Game Changer? Windows Apps to run on Xbox One
I'm following the development of this generation's game consoles with interest, even though I made the decision not to buy any of them for a number of reasons.
Microsoft seems to have made a couple of bad decisions in the past in regards to the company's Xbox One console which will go on sale in select countries on November 22.
Some of them, like requiring an always on Internet connection or the used games policy, were changed after criticism intensified, and while there are still things that some users do not like, like
an always on Kinect that can scan the room, reception seems to have improved all in all.
When you compare the two systems, you will notice that there is not a lot that differentiates them. Sure, there are some exclusives for each system, Sony's hardware seems a bit more capable, and Microsoft has the Kinect experience, but that is about it, or is it?
If you open this Dell promotional page for the Xbox One, you will notice that it states that the console will run and sync Windows 8 apps.
Consider the game officially changed. With all your favorite Windows 8 apps able to be run on and synced to your Xbox One, now your phone, desktop, tablet and TV can all give you a unifiedÂ web and entertainment experience.
While that is no official confirmation by Microsoft, it could add another ace to Microsoft's hand in the upcoming battle against Sony.
It is not clear how this will work, and how beneficial this will be to users of the Xbox One if true. Most apps that are currently available in Windows Store are designed primarily for touch, or mouse and keyboard input. While some of this may be resolved through Kinect, it is likely that the experience will highly fluctuate between great and barely working at all.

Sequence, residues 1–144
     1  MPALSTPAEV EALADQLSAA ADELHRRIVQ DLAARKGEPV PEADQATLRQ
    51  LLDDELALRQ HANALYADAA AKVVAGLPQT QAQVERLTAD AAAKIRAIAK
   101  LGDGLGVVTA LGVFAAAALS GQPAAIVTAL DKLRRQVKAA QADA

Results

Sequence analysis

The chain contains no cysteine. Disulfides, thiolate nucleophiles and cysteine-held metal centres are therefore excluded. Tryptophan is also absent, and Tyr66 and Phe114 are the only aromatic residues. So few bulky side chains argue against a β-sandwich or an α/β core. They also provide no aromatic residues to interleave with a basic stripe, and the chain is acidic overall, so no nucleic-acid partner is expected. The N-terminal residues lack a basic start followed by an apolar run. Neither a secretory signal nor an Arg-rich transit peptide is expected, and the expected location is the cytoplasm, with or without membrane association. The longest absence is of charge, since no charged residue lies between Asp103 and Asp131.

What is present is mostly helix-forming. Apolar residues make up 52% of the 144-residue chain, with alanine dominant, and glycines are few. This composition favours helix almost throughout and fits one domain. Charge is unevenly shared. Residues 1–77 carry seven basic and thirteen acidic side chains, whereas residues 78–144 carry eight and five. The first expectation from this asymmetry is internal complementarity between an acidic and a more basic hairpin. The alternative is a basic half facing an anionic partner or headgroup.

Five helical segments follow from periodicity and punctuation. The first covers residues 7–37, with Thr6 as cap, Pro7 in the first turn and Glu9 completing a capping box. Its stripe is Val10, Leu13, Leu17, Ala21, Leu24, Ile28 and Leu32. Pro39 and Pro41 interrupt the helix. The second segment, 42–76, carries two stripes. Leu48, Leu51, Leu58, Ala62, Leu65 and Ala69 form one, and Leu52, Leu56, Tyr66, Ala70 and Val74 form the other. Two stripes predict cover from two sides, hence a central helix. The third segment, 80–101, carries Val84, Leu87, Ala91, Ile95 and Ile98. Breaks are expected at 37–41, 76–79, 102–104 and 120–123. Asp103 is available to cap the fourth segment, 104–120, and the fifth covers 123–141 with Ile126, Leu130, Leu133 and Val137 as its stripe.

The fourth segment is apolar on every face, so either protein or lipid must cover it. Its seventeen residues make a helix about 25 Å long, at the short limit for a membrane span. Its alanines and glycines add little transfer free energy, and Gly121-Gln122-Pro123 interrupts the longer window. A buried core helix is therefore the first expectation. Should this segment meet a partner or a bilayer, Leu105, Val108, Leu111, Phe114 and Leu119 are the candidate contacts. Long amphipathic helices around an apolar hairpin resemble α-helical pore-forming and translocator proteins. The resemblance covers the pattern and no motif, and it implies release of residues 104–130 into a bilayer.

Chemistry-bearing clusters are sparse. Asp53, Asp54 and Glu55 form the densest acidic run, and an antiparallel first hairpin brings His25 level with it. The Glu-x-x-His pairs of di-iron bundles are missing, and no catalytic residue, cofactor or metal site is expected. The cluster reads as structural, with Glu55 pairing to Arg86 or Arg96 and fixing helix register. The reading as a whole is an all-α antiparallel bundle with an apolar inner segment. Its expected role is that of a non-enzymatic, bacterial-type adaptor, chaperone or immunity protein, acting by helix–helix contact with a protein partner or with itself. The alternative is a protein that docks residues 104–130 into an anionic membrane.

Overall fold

That does not mean that it is not helpful to Microsoft's cause. With syncing enabled, users can run their Facebook, Twitter or mail app on the Xbox to receive instant notifications when they are pinged on those services or receive new emails. There are also some games that will likely work well with the controller, considering that they allow the Xbox 360 controller to be used on Windows 8.
Is it a game changer? I would not call it that, but it is something that distinguishes the Xbox One from the Playstation 4. It is unlikely that many users will purchase the Xbox One because it can run and sync Windows 8 apps, but it may play a role in the decision making process of some.
Note that Microsoft has not confirmed this at this point in time. (via Neowin)Advertisement
I stopped at ‘always on kinect’. Uhhh… It is always on, except for those times when it is unplugged, disabled, or not being used?
I have modified the article to reflect that.
The Audio is still always on, if you connect the kennect sensor.
“in order to start the xbox with voice command ‘xbox start’ “
Oh yay, can’t wait to use media audio video player home cinema xx edition third on my (phantom) Xbox One.
It’s this kind of integration that they were shooting for from the start with Windows 8, I think we’ll see a lot more of it in the future because regular people love convenience above all other features. There aren’t really any gaps in Microsoft’s forte any more, just a few market weaknesses they need to strengthen before this really explodes for them.
As much as a lot of us dislike the politics behind windows 8, I think if we’re honest we have to it’s a winning game plan.
“All your lounge are belong to us”